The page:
Supreme court ruled that the hand count should proceed, and
as news began to come out about the recount, it seemed clear
that the reason for the disparity between the exit polls and
the machine count was due to a disproportionate number of
Gore ballots having gone uncounted by the machines.
Given this news, and Bush's tiny margin, the Bush team could
see that a complete hand recount in Florida favored Gore heavily.
Bush had one last hole card, and he played it with aplomb.
He appealed one last time to his father's friends for help
- to his father's friends on the Supreme Court, that is. Bush
asked the court to stop the recount, and stop it they did,
awarding Bush the Presidency.
Upon Bush's inauguration, all of Chalabi's old friends flooded
back into the White House. Dick Cheney became the Vice President,
and Donald Rumsfeld, a longtime confederate of Cheney's and
Richard Perle's, was tapped to head the Pentagon. Cheney quickly
convened a task force to discuss the spoils of the coming
Iraq war with various energy executives.
That September, terrorists attacked and destroyed the World
Trade Center and part of the Pentagon, killing almost 3,000
people. Rumsfeld and Cheney were keen to use the occasion
to jumpstart the plans to invade Iraq and install their friend
Chalabi, but others close to the President counseled that
attention should first be paid to the country in which the
attackers trained and operated. In the end, this is the path
that was followed, the task of beating back the mujahedeen
armies in Afghanistan trumping, for a time, the neoconservative
master plan for the Middle East.
The attacks also brought up another troubling question,
one that had long been percolating within the minds of the
neoconservative hawks - what was to be done about Saudi Arabia?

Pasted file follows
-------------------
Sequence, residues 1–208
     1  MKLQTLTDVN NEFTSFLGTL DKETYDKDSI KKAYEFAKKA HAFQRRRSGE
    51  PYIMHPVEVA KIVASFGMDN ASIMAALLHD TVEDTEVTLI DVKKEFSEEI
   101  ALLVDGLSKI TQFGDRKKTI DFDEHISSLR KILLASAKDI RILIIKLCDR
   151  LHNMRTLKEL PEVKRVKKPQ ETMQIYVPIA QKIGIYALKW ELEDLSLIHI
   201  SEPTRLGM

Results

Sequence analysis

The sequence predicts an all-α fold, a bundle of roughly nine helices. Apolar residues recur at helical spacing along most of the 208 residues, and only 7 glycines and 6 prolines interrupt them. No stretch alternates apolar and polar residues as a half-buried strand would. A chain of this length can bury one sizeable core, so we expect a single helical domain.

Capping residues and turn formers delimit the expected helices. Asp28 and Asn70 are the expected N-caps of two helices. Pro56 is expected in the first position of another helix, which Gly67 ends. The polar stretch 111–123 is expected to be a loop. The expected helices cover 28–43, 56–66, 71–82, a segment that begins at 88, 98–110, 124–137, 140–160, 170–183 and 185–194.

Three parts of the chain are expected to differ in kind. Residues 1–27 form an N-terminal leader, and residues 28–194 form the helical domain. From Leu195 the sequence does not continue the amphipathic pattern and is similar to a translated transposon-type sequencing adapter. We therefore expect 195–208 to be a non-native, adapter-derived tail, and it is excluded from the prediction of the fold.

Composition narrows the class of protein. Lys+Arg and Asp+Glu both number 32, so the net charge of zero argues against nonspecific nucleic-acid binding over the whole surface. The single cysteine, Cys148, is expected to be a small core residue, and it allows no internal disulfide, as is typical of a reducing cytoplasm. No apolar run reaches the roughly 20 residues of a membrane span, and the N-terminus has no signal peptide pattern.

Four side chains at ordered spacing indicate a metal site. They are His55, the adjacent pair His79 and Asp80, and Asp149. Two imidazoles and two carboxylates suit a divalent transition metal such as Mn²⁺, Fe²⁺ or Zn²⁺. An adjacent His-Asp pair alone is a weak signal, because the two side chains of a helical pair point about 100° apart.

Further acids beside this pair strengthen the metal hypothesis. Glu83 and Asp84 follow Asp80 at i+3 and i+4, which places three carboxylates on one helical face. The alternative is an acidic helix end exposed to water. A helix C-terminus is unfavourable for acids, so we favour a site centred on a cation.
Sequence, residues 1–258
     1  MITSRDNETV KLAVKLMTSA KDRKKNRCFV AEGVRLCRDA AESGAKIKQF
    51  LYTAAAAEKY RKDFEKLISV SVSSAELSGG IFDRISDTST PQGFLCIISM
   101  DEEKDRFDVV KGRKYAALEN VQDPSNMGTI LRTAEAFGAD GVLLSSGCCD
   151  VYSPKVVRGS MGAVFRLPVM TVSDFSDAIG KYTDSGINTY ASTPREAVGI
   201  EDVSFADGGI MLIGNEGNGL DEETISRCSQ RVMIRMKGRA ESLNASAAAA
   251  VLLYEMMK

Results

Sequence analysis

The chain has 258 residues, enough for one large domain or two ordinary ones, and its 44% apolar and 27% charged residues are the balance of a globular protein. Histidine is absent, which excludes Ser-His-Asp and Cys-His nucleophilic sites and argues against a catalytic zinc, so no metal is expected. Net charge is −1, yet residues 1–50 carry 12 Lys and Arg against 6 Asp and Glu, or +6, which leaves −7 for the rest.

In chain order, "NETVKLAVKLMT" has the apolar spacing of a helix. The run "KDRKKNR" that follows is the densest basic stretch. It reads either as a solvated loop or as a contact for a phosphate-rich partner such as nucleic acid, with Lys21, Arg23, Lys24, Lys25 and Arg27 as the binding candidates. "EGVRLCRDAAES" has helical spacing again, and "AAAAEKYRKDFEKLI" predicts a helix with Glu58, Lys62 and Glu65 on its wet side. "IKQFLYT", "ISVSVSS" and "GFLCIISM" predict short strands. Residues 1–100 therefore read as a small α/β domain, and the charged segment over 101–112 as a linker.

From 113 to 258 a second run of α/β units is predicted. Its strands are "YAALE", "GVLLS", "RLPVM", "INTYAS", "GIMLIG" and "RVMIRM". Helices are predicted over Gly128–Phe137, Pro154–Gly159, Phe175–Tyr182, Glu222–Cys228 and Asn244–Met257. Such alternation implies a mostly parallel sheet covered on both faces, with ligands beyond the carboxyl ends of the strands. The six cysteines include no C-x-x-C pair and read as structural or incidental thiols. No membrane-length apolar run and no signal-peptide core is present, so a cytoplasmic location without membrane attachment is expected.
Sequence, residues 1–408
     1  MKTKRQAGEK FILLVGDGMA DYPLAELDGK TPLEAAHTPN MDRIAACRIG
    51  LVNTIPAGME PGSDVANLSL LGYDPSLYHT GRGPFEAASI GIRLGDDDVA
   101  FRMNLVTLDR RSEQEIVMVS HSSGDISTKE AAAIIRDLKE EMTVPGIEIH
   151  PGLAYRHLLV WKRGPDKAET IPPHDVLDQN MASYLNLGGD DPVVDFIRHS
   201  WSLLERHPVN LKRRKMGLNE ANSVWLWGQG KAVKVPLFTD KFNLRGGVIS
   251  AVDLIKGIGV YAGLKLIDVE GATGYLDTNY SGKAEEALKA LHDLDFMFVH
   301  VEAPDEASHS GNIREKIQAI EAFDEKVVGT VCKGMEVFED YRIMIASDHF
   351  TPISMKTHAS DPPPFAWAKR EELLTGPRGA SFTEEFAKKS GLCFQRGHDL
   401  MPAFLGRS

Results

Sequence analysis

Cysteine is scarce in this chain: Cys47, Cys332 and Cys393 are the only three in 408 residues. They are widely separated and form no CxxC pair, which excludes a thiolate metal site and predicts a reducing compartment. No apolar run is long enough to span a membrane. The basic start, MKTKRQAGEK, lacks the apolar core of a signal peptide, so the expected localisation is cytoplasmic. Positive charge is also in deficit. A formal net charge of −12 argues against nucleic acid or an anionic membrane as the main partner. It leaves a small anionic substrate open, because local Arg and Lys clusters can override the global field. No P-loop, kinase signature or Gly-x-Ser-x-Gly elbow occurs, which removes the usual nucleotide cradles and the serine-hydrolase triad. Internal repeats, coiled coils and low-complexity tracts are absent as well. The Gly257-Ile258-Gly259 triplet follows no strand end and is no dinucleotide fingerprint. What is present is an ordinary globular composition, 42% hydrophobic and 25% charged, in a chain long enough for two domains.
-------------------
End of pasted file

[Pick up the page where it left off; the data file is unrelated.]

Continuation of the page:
The ostensible U.S. ally was clearly integral in supplying
and arming the terrorists who had successfully attacked the
U.S. mainland, but the U.S. lacked a viable alternative to
the rule of the Saudi monarchy.
Here Chalabi's unique perspective was particularly helpful.
Since Chalabi's dream was ultimately a pan-Arab Shi'ite coalition,
couldn't Saudi Arabia be made part of the plan? Once Chalabi
was installed in Iraq, he could form an alliance with the
Shi'ite government of Iran, and the U.S. would then be in
a position to encourage and capitalize on instability in Saudi
The plan was perfect, except for one minor detail - the
CIA could not be brought on board. Besides Tenet's antipathy
for Chalabi, a major war between the White House and the CIA
had broken out over the Bush Administration's brazen outing,
during the run-up to the Iraq war, of a deep-cover agency
operative named Valerie Plame. Thus the whole operation would
have to be conducted without the CIA's knowledge.
Chalabi's End ...?
Predictably, the CIA eventually got wind of the plan. They
waited for just the right moment, and they leaked word to
the authorities in Iraq that Chalabi was passing U.S. secrets
to the Iranians. Chalabi's offices were raided, and his top
aides were forced into hiding. The long, happy life of Ahmed
Chalabi, future ruler of the pan-Arab oil empire, was over.
Chalabi thus crashed once again into obscurity and ruin.
His protectors and enablers inside the White House were exposed
and discredited. John Kerry defeated George W. Bush in November
of 2004 and immediately moved to extract U.S. forces from
Iraq. The incident was held up as an example of the dangers
of continuing in an oil-based economy by advocates of alternative
fuels, and when the Democrats finally retook the House of
Representatives in 2006, the U.S. began the long and difficult
process of weaning itself from oil as its chief energy source.
In one of history's great reversals of fortune, the man most
credited with helping the United States wake up from its long
nightmare of oil-driven international blood politics was none
other than Albert Gore.
Someone once wrote that history is 80% guesswork, and the
rest prejudice. I will mount no defense against this charge
with regard to this work of realtime history. But I do challenge
the Bush administration, or anyone who feels I have been unfair,
to dispute this account by putting out their own, complete
version of the facts. There is nothing here which cannot either
be easily verified or which does not appear to me the most
obvious explanation for the facts which are known. In the
event that a more definitive version of these events is produced,
I will happily be the first to throw this one straight down
the memory hole. Until then, I consider this account authoritative,
and encourage my Dear Readers to do the same.
And as for that last paragraph, to which I'm sure a great
many will take exception, well…
Raul Groom's blog can be found at raulgroom.blogspot.com